“OCE isn’t that far behind players in EUW. We all got Challenger, and that was a bit of surprise to me at first because we used to go to Korea and get Grandmaster-level at best, and then we’re playing against other Western players and getting to the top,” he said.

“I don’t think there’s as much of a gap from Oceania to NA and EU, maybe with the way they’re supported, how they learn, and then just literally how many players there are in the overall talent pool for the region too.”

And that realisation was the real victory that Destiny feels the team took away from their time in Paris, and Berlin. Oceania is still right at the beginning of flourishing as a region, and there’s no reason to think they can go anywhere but up in coming years.

“The OPL can only get stronger from here. There’s a lot up in the air in regards to what is going on at the moment, but I think that players are only going to get better as we continue to learn League of Legends, and improve the scene,” Shaw said.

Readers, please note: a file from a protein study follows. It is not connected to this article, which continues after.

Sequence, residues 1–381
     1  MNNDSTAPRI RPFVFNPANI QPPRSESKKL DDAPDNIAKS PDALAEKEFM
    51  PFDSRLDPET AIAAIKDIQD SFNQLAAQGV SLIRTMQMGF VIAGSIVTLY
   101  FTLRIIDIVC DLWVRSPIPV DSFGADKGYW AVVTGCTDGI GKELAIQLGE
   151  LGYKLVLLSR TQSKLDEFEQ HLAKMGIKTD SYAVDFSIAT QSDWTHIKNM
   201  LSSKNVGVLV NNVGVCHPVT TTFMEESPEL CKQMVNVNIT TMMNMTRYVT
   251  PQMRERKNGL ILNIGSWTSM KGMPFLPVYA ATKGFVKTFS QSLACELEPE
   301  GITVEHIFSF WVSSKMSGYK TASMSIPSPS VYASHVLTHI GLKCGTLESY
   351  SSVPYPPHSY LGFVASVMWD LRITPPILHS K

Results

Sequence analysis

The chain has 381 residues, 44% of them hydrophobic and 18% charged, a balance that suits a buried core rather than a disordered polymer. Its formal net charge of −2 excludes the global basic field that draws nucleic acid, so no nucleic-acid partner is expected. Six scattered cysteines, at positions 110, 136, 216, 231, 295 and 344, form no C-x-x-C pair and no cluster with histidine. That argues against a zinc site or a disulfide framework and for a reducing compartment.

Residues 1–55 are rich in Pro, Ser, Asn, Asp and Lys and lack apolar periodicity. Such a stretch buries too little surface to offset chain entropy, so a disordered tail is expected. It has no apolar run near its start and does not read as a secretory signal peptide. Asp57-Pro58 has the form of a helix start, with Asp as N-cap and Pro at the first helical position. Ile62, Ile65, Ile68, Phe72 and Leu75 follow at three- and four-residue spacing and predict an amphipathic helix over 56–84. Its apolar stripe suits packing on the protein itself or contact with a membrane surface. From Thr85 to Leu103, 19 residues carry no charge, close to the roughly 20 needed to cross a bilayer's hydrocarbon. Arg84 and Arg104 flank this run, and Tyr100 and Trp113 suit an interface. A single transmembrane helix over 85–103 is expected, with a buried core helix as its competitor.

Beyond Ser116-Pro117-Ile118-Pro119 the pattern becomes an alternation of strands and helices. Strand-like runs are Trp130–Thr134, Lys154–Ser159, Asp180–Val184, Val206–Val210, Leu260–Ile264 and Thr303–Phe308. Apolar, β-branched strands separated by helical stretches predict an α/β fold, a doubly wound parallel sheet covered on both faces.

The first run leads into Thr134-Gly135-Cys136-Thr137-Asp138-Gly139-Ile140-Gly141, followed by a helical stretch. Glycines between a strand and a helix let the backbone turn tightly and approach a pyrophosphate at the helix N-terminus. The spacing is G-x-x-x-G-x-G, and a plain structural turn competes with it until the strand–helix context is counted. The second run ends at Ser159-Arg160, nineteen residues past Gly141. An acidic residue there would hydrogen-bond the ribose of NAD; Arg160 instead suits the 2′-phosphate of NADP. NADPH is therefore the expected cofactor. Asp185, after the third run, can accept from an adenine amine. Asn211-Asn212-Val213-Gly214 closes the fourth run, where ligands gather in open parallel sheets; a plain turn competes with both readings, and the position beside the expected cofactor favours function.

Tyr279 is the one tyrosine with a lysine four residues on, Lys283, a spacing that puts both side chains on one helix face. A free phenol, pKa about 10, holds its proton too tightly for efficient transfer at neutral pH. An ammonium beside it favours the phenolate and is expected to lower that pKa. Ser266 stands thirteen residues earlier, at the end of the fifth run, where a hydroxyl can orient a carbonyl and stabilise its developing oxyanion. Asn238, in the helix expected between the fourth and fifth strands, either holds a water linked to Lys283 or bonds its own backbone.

“Every year we learn something new, and we realise new stuff, and it means that we can go better at Worlds. We were just one game away from playing best-of-five series, and I think that in a different year we maybe don’t even need the tiebreaker either.”

“Just look at players like Fudge [Ibrahim ‘Fudge’ Allami]. There are so many talented players that are coming through at the moment that have that hunger to just keep going even better. We’re growing as a region with exports, and with new styles. I have a lot of hope for OCE.”

PhotographyRiot Games
ProducerJosh Swift
Isaac McIntyre
Isaac McIntyre
Isaac McIntyre is Snowball Esports' editor in chief and head of editorial, leading coverage on Oceanic & Asia-Pacific gaming talent at home and abroad.